9:00 PM EST, ESPN – Line: North Carolina -6.5, Over/Under: 162.5
College Basketball’s most storied rivalry adds another chapter tonight as the twentieth-ranked Duke Blue Devils make the short trek to Chapel Hill to face the fifth-ranked North Carolina Tar Heels in the first of their two annual regular season meetings. After winning their fifth NCAA Championship under Mike Krzyzewski, the Blue Devils (19-6, 8-4, 5th in ACC) have successfully put together a quick rebuild around some talented young players, even if they’ve enjoyed the expected growing pains along the way. After all, did their prized collection of youngsters not mature as the previous season progressed along? With Sophomore Guard Grayson Allen the lone contributor from last year’ champions, Coach K’s young charges have sent the lion’s share of the current campaign building chemistry with each other, which based off of their latest string of performances seems to finally be bearing fruit. After getting off to a torrid 14-2 start in which they had ascended to Seventh in the Polls, Duke went into a startling funk, where they proceeded to drop four out five games, including three in a row at one point. In fact, the skid marked the first time that the program had fell completely out of the Polls altogether in nearly elven years. However, Krzyzewski and his Staff were able to figure things out, doubling down on a shorter rotation, which has perpetuated serious growth, coinciding with a four-game winning streak. Outlasting an embattled Louisville team dealing with the aftermath of self-imposed sanctions proved their mettle (72-65), before hosting Virginia in Durham, North Carolina; the Devils overcame a three-point Halftime deficit, en route to outscoring the Cavaliers 32-28 over the final twenty minutes of a narrow 63-62 victory. Despite allowing the visiting side to shoot a solid 48.1% from the field, the hosts kept them in check on the perimeter, yielding only two three-pointers out of eleven attempts (18.2%). And speaking of the money ball, that is precisely where the game was won; Duke managed to drain eight of their twenty-two attempts (36.4%), outscoring their rivals from Charlottesville by eighteen points in that regard. Stud Freshman Forward Brandon Ingram continued to get better with each passing contest, scoring a game-high twenty-five points on 10-of-22 shooting from the field (45.5%), including 4-of-9 from beyond the arc (44.4%), along with seven rebounds and an assist. The aforementioned Allen added fifteen points, seven boards, seven assists, and a pair of steals, while Junior Guard Matt Jones caught fire from distance, with a dozen of his fourteen points coming via the three (4-of-5, 80.0%). With that said, they received absolutely nothing offensively from their Bench, with Krzyzewski only employing two of his reserves. And therein lies the conundrum of this team; while a seriously abridged rotation has spelled more minutes for the likes of Allen and Ingram, allowing them to flourish into arguably the ACC’s top tandem (37.8 points combined), the clear lack of depth is a serious concern as the NCAA Tournament creeps closer and closer. Just how short has their rotation become, you ask? During conference play, the Blue Devils have only six players logging double-digit minutes, with the gap between the sixth and seventh players standing at a staggering 19.6 minutes per game. The loss of Senior Forward Amile Jefferson, one of the few holdovers from last year’s unit, was a huge reason for their midseason swoon, and with his return nowhere in sight, it’s unrealistic to think that Coach K will be utilizing anymore of charges than he has been recently. Jefferson was posting averages of 11.4 points and a team-high 10.3 rebounds before injury, and with his absence, Ingram has been forced to play as a Stretch Four, affording the luxury of another shooter on the floor, creating better spacing in the process. As a result, Duke has been one of the most efficient offensive teams in the ACC, averaging 77.5 points (3rd in ACC) on 47.8% shooting from the field (2nd in ACC), including 54.3% from within the three-point arc (1st in ACC) and 39.4% beyond it (2nd in ACC). However, the trade-off has been a lack of size, which has made them susceptible on the defensive end; allowing 71.7 points (8th in ACC) on 44.6% shooting from the floor (8th in ACC) is simply not up to the standards set by Krzyzewski, particularly with his charges giving up the third-most two-point field goals (265) in league play. This is not good news with the Tar Heels on tap, who possess a plethora of size capable of pummeling them in the painted area.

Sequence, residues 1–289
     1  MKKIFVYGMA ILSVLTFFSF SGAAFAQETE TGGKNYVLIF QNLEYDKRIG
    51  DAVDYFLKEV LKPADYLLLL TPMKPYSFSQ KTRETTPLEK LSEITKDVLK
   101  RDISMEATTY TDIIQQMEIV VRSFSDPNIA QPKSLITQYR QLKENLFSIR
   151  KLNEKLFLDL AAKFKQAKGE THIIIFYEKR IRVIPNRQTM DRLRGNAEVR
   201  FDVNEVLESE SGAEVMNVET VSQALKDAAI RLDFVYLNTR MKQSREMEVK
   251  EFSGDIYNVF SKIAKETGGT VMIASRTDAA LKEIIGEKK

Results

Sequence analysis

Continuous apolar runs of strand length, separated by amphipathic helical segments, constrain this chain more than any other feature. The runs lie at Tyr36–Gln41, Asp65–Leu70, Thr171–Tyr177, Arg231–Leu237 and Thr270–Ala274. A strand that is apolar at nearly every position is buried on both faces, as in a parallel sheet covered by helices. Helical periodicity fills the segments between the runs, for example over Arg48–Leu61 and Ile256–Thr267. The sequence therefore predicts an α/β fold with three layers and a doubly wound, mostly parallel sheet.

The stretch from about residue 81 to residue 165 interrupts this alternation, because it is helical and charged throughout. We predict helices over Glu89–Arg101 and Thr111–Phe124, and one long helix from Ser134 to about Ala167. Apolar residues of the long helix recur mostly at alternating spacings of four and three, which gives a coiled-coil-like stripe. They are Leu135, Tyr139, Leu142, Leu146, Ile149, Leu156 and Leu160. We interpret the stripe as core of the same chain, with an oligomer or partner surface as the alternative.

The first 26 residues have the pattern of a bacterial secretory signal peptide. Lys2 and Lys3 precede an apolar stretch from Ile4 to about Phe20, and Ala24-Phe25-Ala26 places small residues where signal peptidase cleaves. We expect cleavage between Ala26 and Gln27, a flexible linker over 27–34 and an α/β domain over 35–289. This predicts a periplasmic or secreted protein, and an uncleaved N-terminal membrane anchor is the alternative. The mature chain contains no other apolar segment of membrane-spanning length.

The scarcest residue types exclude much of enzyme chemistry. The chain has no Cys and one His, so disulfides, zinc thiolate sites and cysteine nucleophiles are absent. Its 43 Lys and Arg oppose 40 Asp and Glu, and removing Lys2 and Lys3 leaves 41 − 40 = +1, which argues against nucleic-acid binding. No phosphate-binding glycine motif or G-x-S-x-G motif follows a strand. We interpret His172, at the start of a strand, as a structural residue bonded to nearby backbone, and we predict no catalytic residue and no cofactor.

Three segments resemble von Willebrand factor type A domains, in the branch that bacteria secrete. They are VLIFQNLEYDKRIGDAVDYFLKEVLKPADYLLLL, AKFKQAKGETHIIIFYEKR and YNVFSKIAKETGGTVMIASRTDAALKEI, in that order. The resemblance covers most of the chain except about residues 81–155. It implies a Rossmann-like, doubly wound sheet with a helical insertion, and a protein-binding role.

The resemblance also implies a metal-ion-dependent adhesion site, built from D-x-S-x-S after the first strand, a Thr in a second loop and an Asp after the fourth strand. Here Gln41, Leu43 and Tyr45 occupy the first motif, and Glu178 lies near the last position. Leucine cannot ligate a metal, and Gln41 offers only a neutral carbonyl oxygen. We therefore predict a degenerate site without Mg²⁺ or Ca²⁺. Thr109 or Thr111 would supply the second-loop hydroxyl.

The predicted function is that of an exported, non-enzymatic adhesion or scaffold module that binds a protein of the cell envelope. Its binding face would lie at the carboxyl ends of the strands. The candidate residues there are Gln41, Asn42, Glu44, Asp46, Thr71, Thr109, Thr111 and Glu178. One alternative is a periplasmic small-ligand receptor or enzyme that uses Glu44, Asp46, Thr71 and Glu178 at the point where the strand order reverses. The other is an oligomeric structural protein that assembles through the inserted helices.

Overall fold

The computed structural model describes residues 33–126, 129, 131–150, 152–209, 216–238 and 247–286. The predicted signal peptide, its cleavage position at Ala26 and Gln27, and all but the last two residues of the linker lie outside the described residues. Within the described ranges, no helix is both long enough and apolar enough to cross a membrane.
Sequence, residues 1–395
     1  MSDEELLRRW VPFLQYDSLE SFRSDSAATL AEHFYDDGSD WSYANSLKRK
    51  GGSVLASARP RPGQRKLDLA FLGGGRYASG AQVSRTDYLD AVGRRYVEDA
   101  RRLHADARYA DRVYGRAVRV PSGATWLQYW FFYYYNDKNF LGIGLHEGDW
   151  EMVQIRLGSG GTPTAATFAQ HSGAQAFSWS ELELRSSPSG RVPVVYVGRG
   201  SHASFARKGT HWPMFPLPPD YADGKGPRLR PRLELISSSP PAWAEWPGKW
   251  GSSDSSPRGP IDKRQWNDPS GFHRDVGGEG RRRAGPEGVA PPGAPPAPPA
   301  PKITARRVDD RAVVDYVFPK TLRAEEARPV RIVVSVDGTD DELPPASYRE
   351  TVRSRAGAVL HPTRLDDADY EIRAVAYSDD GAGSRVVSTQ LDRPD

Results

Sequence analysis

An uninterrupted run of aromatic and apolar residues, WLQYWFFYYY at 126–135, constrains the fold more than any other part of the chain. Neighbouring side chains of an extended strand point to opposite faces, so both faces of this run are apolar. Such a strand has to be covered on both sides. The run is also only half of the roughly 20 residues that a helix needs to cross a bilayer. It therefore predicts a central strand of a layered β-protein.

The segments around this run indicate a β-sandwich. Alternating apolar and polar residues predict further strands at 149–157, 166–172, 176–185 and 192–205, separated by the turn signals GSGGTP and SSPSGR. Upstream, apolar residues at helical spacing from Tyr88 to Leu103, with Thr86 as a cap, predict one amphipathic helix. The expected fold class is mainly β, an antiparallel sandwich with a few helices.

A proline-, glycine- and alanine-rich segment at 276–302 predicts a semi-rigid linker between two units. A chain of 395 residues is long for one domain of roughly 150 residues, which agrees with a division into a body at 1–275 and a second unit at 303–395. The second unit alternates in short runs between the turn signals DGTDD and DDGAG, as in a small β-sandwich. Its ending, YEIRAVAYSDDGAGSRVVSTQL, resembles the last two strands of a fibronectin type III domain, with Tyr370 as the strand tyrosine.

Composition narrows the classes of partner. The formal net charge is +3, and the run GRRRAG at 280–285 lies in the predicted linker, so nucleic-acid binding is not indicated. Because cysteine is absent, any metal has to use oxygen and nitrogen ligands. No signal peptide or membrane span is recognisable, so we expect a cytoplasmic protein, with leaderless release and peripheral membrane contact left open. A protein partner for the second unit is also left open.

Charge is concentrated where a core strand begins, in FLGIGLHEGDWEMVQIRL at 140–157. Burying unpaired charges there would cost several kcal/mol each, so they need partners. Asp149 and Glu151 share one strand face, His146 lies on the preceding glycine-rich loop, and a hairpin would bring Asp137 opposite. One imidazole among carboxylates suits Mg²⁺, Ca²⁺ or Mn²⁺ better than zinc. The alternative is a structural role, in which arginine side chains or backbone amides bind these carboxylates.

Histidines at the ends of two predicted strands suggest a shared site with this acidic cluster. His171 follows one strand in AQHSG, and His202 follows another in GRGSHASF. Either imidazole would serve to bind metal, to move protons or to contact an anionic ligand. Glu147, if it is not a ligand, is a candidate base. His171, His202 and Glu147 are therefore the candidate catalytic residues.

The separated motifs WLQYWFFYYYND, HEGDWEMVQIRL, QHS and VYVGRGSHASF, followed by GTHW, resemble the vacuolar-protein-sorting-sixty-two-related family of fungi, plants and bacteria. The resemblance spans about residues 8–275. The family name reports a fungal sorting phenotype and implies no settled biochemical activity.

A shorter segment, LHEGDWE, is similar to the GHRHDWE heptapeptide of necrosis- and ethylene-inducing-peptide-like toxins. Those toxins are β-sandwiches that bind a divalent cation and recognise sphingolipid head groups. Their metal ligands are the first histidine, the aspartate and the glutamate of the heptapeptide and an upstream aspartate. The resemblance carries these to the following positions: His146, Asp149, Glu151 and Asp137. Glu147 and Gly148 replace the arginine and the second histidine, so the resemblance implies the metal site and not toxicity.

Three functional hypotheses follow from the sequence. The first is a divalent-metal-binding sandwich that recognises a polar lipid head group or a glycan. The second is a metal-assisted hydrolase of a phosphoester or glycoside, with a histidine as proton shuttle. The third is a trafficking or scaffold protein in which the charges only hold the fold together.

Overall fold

Meanwhile, their counterparts in a lighter shade of blue are looking to put their own midseason slide behind them, as the Tar Heels (21-4, 10-2, 1st in ACC) look to string together consecutive victories after losing back-to-back outings for the first time this season. Yet another team to fall ill after securing the top ranking in the Polls, North Carolina plummeted to ninth in the rankings after losses to Louisville (65-71) and Notre Dame (76-80), but has since rebounded with victories over the conference’s weaker fare, Boston College (68-65) and Pittsburgh (85-64). There was very little the Panthers could do to slow down Roy Williams’ charges last weekend, as the visiting side was very nearly ran out of the Dean Dome in the First Half, trailing 42-29 at the midway point. Simply put, Sunday’s performance was a reminder of what this team can do when they’re firing on all cylinders; the home side shot a blistering 59.3% from the field, including 61.5% from inside the three-point arc, with five different players scoring in double-figures, led by Forward Brice Johnson (nineteen points). Hell, they even made it rain from beyond the arc, where they have once again struggled this season, netting eight of their fifteen attempts (53.3%). Senior Point Guard Marcus Paige was 3-of-6 from distance (50.0%), which is a welcome sign for a player that has struggled with his consistency all year. Sustaining foot and hand injuries has left his play thus far with a lot to be desired, averaging 13.0 points on just 41.8% shooting from the field, with 3.7 assists to boot. In his absence, Williams has deployed Sophomore Guard Joel Berry at the point, which has in turn created the opportunity to play both players in tandem now that Paige has returned to health. Berry has logged 12.5 points 3.8 assists, and 1.8 steals in conference play, and has alleviated some of the pressure off Paige’s shoulders in terms of running the offense and providing a threat from three. Between them, Paige and Berry have shot 31.5% and 34.7% respectively from three, with no other player remotely approaching 25.0%. So why is this so important, you ask? North Carolina has long been one of the most prolific teams in the country at scoring in the painted area, which is a helluva lot easier to do when defenses have to honor the perimeter. No team in the conference has scored more two-point field goals (300) than Williams’, who have also done a stellar job of defending it, yielding a scant 43.2% shooting in that area (1st in ACC). The aforementioned Johnson has had a lot to do with that, as the Senior leads the team in scoring (16.6), rebounding (10.4), and blocks (1.6). Furthermore, his PER (Player Efficiency Rating) of 30.8 is one of the highest such figures in the country. Which is all the more reason for his cohorts on the perimeter to make the most out of their opportunities so that he has the requisite space to operate. Of course, Johnson and Co. aren’t relegated to scoring in the halfcourt, for under Williams’ watch they’ve long been one of the most devastating teams in transition. Tempo is a term often used when describing the Heels, who push the issue whenever they can. Criticize them for not having blue-chip recruits like Ingram if you want, but these kids can still fly up and down the court; at 65.6 field goal attempts per game, North Carolina does a fine job of pushing the tempo and creating extra possessions and shots for themselves, taking an average of 3.7 field goals than their opponents. Forcing an ACC-best 14.4 turnovers per game helps out quite a bit too, by the way, which could loom large against the young Blue Devils, who haven’t done nearly enough of that themselves (9.9, 14th in ACC).